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The AAPG/Datapages Combined Publications Database

AAPG Bulletin


Volume: 65 (1981)

Issue: 5. (May)

First Page: 926

Last Page: 926

Title: Fluvial Facies Associations--Guide to Tertiary Coal Development and Exploration in Powder River Basin, Wyoming and Montana: ABSTRACT

Author(s): Romeo M. Flores

Article Type: Meeting abstract


The Paleocene Tongue River Member of the Fort Union Formation supports widespread coal-mining activity and contains most of the recoverable coals in the Powder River basin. Coals are well-developed in eastern and northern Powder River basin, but the best exposures are in the northern part. Most mining is from the very thick (as much as 125 ft or 38 m) coals; however, as these coal reserves are depleted, future exploration will focus on moderately thick coals. Exploration guides for the moderately thick coals may be their facies associations. In the northern Powder River basin, 175 mi (280 km) of cross sections, constructed from closely spaced outcrop sections and drill holes, provide detailed facies associations of the coals.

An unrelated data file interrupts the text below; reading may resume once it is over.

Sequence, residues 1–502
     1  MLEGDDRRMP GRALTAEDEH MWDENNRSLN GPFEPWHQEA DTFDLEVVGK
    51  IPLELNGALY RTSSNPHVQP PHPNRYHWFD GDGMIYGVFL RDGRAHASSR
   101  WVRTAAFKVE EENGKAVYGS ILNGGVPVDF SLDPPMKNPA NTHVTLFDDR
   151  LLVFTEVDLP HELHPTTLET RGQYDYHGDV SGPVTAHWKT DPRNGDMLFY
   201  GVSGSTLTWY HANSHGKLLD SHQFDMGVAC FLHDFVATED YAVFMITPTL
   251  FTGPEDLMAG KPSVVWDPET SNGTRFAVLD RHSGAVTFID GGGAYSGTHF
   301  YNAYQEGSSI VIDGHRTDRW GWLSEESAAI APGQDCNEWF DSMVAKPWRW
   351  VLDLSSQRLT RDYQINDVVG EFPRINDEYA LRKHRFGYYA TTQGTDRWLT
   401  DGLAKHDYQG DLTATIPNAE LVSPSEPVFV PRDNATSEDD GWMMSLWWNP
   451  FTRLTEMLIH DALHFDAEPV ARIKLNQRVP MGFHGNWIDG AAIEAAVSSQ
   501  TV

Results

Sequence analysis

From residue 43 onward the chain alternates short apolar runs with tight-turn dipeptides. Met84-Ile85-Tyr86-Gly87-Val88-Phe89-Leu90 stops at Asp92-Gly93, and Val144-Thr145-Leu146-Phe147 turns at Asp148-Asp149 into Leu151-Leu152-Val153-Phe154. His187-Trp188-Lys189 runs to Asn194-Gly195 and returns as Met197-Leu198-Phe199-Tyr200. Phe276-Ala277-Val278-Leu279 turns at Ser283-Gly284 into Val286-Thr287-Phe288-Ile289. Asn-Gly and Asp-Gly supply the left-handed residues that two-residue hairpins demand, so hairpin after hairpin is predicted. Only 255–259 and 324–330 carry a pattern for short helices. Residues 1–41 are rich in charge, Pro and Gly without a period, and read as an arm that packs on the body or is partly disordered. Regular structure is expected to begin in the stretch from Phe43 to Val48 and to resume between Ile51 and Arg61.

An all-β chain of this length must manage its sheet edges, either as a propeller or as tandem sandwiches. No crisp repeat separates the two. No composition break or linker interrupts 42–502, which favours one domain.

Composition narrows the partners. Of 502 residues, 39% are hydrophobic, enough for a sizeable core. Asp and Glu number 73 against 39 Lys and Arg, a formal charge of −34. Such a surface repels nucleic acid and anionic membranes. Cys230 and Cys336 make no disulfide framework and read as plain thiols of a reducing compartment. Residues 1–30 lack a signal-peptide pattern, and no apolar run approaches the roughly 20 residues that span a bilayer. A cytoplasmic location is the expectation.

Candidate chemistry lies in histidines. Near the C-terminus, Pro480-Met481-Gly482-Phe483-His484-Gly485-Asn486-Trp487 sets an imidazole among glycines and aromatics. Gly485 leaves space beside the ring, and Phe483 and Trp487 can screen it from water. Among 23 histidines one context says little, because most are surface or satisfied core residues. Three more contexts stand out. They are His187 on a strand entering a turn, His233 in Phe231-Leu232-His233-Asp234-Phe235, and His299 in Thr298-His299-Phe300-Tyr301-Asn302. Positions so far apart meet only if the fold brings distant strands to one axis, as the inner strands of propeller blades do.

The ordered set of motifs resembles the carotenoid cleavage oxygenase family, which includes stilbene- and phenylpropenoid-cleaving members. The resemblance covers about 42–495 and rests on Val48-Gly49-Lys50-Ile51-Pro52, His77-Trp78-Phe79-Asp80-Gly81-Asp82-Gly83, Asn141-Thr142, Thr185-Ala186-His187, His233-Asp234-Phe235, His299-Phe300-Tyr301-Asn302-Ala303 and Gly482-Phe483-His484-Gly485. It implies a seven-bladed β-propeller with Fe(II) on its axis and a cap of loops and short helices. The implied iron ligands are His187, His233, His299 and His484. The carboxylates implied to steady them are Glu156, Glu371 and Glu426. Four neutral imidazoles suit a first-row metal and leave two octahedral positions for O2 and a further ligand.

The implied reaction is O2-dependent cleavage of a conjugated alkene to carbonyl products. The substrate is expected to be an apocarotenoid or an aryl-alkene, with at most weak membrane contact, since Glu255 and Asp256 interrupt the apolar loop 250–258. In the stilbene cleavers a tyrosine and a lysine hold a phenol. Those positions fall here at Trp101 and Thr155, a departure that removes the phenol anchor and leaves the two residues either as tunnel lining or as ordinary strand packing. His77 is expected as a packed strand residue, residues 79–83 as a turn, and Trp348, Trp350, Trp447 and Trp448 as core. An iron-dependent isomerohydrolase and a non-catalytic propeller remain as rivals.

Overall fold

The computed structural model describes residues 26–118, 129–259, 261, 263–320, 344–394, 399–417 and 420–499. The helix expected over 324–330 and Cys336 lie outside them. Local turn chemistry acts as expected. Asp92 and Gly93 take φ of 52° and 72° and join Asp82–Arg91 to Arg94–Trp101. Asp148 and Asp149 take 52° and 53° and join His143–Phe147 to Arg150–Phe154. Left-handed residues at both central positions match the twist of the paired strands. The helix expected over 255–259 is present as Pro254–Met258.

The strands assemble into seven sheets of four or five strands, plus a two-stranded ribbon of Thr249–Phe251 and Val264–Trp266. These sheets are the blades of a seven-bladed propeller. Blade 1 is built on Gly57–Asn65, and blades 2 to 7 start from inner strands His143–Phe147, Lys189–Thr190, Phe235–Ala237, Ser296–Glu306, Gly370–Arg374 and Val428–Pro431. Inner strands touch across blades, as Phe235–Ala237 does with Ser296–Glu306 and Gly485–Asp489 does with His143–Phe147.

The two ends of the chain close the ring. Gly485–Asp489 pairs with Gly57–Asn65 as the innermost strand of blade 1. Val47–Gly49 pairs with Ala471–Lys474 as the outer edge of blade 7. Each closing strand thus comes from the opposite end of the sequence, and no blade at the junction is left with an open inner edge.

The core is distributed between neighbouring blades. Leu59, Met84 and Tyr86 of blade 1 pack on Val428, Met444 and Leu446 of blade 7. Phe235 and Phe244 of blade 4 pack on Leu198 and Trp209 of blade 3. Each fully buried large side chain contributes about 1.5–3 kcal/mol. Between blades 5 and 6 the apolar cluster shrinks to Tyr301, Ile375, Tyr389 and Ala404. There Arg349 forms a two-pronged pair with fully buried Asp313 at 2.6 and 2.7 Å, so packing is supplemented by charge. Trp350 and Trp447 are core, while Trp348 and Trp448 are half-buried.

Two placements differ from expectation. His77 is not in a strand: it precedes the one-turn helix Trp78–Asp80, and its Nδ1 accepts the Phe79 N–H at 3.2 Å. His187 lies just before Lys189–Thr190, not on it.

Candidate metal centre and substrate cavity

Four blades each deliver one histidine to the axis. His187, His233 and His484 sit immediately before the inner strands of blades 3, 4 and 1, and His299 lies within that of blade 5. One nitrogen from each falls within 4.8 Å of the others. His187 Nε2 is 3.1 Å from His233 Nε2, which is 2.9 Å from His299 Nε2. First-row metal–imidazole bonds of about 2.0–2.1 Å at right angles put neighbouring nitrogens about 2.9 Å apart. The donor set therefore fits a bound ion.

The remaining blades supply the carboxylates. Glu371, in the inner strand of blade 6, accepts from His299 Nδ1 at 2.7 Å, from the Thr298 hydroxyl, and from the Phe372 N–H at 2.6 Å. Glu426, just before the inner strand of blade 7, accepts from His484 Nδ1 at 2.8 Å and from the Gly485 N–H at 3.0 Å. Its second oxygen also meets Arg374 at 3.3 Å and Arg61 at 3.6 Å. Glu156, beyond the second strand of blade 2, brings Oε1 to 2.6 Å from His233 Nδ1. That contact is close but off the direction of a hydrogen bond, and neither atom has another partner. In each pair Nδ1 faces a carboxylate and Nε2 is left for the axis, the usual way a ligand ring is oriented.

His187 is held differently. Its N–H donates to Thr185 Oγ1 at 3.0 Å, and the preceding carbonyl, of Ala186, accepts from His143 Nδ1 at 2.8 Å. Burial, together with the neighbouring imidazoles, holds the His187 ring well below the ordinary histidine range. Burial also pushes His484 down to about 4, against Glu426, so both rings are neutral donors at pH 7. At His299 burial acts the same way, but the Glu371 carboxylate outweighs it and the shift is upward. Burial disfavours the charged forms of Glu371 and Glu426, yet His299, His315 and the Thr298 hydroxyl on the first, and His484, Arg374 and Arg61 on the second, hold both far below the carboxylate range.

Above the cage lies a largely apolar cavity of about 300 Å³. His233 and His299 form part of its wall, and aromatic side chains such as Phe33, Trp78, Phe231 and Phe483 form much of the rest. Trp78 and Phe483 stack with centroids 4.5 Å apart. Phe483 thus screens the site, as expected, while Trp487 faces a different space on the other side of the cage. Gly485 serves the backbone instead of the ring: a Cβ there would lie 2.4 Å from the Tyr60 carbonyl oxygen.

One facies association is dominated by thick fluvial-channel sandstones and coals as much as 40 ft (12 m) thick and 12 mi (19 km) in extent. The coals formed in poorly drained backswamps in which uniformly thick peat bogs accumulated, subparallel to meandering channels and opposite their migration and avulsion directions. A second facies association is characterized by abundant crevasse sandstones, subordinate thin channel sandstones, and lacustrine limestones, shales, and siltstones. Facies-associated coals, as much as 8.5 ft (17 m) thick and 5 mi (8 km) in extent, formed in well-drained backswamps frequently interrupted by crevasse splays that debouched into flood-plain lakes. The best development of economic coals of the fluvial-channel dominated facies is in the lower part of the ongue River Member, and that of the flood-plain-lacustrine coal-facies association is in the upper part.

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